The hospital sugar tax is a stroke of evil genius

    18 January 2016

    Simon Stevens, the head of the NHS (may peace be upon it), today unveiled plans to put a quasi-tax on soft drinks in hospitals. On the face of it, this is the kind of hare-brained idea one associates with the loony left council of Lambeth where Stevens was once a Labour representative. On reflection, however, I think Stevens is a genius.

    Cutting costs in the NHS is a challenge that has defeated every government. Getting its staff to accept pay cuts is very difficult. Being a genius, Stevens has worked out that if you can’t cut the pay of doctors and nurses, you can always claw it back in the workplace. Taxing their lunch is a cunning step in that direction.

    The wonderful thing about stealth taxes of this sort is that you can pretend they are for the good of people’s health. Never mind that soft drinks only provide three per cent of the nation’s calories. Never mind that their biggest consumers are those aged 11 to 18 who are less likely than adults to be obese. And never mind that the impact of soft drink taxes on soft drink consumption, let alone on obesity, has been pitifully small in every country that has experimented with them. They sound like the kind of thing that might work and that is enough.

    Stevens, being a great mind, knows that demand for sugary drinks is inelastic, so people keep buying them with little regard for price changes. He estimates that the new ‘tax’ will siphon between £20 million and £40 million out of the pockets of his captive market every year. This is not a fortune in NHS terms, but it is not a bad start. The important thing is to set a precedent. When the policy is shown to have had no impact on the waistlines of doctors and nurses, the size and scope of the ‘tax’ can always be expanded.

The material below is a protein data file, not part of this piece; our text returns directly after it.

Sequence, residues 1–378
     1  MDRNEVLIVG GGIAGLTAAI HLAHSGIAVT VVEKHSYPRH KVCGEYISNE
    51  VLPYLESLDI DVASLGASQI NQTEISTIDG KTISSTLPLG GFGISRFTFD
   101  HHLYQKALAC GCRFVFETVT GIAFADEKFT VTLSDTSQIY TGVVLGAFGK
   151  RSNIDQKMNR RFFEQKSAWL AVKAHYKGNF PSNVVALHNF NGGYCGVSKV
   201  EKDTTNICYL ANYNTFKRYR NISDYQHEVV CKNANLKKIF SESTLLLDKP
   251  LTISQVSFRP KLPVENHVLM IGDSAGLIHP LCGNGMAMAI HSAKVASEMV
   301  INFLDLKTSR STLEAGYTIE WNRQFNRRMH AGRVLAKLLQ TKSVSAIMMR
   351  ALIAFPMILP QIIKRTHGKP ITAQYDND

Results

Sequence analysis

Admittedly, there are downsides to Stevens’s plan. The tens of millions of pounds it will raise are currently earmarked for a new initiative that has ‘wellbeing’ in its title. That will obviously be a waste of money, but taxes are hardly ever hypothecated in practice so we can assume that the cash will soon find its way into general NHS expenditure. Regrettably, there will be some collateral damage for hospital visitors, but they have more options than porters and cleaners who have to be on site all day. Patients will be largely unaffected since they get their meals for free. The tax will mainly fall on the 1.3 million NHS workers.

    That is what is so brilliant about Stevens’s plan. He has found a way to be applauded for price gouging in an uncompetitive retail environment. The kind of people who make placards saying ‘Save Our NHS’ will pat him on the back for effectively giving his staff a pay cut. And the most brilliant part of all is that the British Medical Association can’t go on strike about it because they are fervent supporters of taxing fizzy drinks everywhere. They are being given a taste of their own preventive medicine and they have to swallow it.

    That is genius. Evil genius, admittedly, but genius nonetheless.

    Christopher Snowdon will be speaking at the Spectator’s annual health debate at IET London, Savoy Place, on Tuesday February 9

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